Chinuch begins with parents deepening their own relationship with Hashem, making it real, and sharing that enthusiasm with their children.
The second idea is quoted by Rabbi Mordechai Gifter, zt”l, former rosh yeshivah of the Telshe Yeshiva in Cleveland. When the Torah describes Hagar’s banishment from Avraham Avinu’s home, it states that she wandered lost in the desert. Rashi notes that this refers to her returning to idolatry. The obvious question is, where exactly is that alluded to in the text? The Torah states that she was lost, not that she returned to idolatry. Rabbi Gifter explains that the fact that Hagar felt that she was lost was indicative that she had left the teachings of Avraham Avinu. A believing Jew should never feel that he is lost, because we are exactly where Hashem wants us to be. Therefore, the fact that the text says Hagar was lost indicates that she was lost spiritually as well; she had lost the true perspective on life.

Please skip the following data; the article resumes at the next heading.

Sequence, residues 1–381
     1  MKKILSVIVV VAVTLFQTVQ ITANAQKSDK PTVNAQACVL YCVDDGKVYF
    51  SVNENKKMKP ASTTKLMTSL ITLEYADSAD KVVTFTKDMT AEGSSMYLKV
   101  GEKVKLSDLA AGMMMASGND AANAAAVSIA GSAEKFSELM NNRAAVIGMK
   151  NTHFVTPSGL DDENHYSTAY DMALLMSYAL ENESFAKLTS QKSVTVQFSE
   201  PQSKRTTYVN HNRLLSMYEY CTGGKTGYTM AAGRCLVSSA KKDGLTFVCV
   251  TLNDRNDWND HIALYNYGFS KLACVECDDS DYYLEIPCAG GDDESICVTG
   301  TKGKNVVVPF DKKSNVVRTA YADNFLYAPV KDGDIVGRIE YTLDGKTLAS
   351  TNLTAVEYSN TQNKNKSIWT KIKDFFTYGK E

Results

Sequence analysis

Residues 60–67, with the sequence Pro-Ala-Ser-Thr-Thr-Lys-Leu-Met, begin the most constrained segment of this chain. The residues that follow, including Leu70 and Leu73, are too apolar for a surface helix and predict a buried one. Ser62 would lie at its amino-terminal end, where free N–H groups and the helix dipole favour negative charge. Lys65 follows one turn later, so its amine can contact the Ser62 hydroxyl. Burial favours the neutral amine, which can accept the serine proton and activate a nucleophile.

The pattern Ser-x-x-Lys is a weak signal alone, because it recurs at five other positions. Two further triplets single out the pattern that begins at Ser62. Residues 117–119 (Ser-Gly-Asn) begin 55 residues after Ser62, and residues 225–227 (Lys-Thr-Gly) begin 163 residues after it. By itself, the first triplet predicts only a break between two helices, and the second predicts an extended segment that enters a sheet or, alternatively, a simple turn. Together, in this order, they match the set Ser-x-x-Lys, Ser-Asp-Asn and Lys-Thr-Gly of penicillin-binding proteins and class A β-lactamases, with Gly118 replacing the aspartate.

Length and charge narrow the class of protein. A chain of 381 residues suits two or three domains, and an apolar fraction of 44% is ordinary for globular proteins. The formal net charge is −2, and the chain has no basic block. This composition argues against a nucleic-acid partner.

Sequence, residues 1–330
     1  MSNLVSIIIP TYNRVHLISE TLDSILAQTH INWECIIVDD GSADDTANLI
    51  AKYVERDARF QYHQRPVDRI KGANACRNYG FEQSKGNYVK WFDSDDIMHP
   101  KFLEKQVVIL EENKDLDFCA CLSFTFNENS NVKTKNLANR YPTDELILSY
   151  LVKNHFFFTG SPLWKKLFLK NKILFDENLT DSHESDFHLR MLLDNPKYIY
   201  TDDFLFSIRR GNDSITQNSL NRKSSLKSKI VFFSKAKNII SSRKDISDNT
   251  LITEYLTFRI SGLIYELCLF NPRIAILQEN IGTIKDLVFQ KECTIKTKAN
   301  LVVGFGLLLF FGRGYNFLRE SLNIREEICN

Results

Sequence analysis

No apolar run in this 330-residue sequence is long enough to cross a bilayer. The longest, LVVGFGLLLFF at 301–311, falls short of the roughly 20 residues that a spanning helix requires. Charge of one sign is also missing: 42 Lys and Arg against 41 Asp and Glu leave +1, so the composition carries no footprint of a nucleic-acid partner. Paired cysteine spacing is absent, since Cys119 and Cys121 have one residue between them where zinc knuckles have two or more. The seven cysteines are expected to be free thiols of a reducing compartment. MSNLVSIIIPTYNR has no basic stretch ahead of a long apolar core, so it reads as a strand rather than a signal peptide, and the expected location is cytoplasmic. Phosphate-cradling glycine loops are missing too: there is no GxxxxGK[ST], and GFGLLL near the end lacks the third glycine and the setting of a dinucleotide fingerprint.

Before the days of GPS and Waze, I would drive around and often lose my way. It was at those moments that my children would remind me that we are not really lost. We are in the place Hashem wants us to be. As they grew older, I extended this concept to other parts of their lives. So often we find ourselves in situations that we never imagined. Recognition that Hashem orchestrates everything helps us cope through challenging times. In general, it is much easier to navigate these difficulties when the emotional relationship with Hashem is already solidified by a history of His intimate closeness and personal care.